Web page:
- Field Yates, ESPN Insider
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FOXBOROUGH, Mass. -- The Patriots follow their humble leader, coach Bill Belichick, when it comes to discussing individual statistics and accolades: Team success trumps it all.
Few players are as quick to criticize themselves and as willing to turn the attention toward the team when things go in their favor as wide receiver Julian Edelman, who became just the third player in franchise history to record 100 catches in a season.
After Sunday's 34-20 win over Buffalo, when assessing what the accomplishment meant to him, Edelman started down a familiar path.
“It’s cool and everything, but you really go out and you play for other things,” he said. “Like playing in the last game of the year and winning that game, and we’ve put ourselves in an opportunity to go one step closer to that.”
But, albeit briefly, Edelman opened up shortly after that, discussing the significance of his remarkable season.
105 catches, 1,056 yards, six touchdowns. All career highs.
And this by a player who generated hardly any interest in free agency, returning to the Patriots on a one-year deal and with many expecting a rotational role in the receiving corps.
That’s proven to be far from the case, as Edelman has emerged as a leader and top target for quarterback Tom Brady, capping off his regular season with a team-high nine catches for 65 yards.
“It’s definitely kind of cool, just with the road, it’s been a crazy road, but it’s definitely been kind of cool,” Edelman conceded.
“A lot of things haven’t gone my way in the past, you know, playing behind someone that’s doing really well, or whether it’s injuries or not executing certain situations, but it was kind of cool to get that today, but more importantly it was definitely great to go out there and win in those conditions,” Edelman said, referring to playing behind such weapons as Wes Welker and enduring a foot injury that cut his 2012 season short.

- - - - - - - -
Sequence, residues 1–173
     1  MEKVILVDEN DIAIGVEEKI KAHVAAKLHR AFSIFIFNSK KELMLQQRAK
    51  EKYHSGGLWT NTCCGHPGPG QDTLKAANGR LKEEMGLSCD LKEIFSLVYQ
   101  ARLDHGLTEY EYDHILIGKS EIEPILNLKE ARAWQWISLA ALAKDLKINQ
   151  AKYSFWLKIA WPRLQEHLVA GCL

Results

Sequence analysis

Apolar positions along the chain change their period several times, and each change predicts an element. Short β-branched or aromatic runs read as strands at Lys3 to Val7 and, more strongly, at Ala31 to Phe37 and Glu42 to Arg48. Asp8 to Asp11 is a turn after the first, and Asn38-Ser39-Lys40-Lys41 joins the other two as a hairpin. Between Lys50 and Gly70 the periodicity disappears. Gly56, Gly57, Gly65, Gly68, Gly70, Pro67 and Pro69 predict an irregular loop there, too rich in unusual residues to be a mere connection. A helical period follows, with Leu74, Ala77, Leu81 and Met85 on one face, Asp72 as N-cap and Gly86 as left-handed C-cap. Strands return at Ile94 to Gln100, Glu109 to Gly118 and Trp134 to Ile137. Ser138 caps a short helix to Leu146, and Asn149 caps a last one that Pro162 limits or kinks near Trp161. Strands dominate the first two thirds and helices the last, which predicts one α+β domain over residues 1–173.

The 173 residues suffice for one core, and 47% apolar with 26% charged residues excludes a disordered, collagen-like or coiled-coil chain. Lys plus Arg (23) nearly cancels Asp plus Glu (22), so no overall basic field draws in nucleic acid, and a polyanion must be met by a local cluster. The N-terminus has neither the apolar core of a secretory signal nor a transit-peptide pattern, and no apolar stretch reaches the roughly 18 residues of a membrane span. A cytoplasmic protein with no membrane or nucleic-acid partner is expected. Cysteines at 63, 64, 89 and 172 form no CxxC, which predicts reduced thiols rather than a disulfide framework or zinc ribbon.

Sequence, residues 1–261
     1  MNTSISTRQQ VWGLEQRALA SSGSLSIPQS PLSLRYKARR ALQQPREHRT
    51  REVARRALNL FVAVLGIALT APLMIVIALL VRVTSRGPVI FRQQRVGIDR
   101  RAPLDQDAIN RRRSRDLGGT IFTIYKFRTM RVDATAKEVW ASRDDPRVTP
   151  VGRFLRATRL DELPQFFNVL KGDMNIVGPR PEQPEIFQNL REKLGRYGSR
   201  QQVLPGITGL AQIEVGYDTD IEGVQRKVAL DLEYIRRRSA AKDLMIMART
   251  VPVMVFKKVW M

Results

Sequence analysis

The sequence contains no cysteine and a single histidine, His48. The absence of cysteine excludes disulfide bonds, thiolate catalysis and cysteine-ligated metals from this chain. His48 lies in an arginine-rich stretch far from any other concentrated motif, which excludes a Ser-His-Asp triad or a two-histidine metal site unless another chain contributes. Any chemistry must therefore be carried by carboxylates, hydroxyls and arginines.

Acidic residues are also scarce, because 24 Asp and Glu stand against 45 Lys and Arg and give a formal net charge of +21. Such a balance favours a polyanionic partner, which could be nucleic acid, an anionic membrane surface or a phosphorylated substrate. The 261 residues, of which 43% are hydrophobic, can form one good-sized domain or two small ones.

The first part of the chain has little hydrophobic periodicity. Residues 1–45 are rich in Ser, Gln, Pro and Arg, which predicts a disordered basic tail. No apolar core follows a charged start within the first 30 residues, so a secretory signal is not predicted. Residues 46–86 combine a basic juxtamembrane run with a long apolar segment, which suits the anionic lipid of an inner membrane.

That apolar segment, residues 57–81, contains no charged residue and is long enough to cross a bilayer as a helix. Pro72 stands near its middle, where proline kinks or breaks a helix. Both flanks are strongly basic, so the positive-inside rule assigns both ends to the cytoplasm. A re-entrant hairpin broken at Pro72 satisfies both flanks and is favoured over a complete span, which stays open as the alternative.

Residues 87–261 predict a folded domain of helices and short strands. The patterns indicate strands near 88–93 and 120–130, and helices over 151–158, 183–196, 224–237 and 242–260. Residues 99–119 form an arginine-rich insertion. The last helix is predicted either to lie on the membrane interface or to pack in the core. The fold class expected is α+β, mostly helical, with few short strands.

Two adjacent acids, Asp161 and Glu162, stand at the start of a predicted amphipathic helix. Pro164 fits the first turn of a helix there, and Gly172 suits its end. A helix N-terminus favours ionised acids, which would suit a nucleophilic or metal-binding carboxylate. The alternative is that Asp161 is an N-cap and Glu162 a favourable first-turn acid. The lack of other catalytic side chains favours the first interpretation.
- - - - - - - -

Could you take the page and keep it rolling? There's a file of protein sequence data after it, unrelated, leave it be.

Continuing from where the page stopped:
The former college quarterback has successfully transitioned into an offensive catalyst for the Patriots, largely through hard work. He’s been an offseason award winner in the past and it's a rare day when a teammate arrives to work earlier than Edelman.
The process of evolving as a player has coincided with the process of learning how to improve in any way he can.
“I don’t want to take anything away from this win tonight, but guys that played here in the past like Welk [Wes Welker], Randy [Moss], and then Tom Brady, he’s helped me a lot,” Edelman said. “Being a professional and going out there and learning how to deal with the offseason, learning that there is no offseason, it’s about getting better and coming into camp in shape and coming into camp ready.”
Edelman did exactly that, recovering from the broken foot in the offseason but working his way back into shape for the start of training camp.
During a year that the Patriots have needed passing-game weapons perhaps more than any other since Brady became quarterback, Edelman has risen to the challenge.
It’s been a long, crazy road indeed for Edelman, but one thing is clear: The Patriots wouldn’t be where they are if not for his meteoric rise.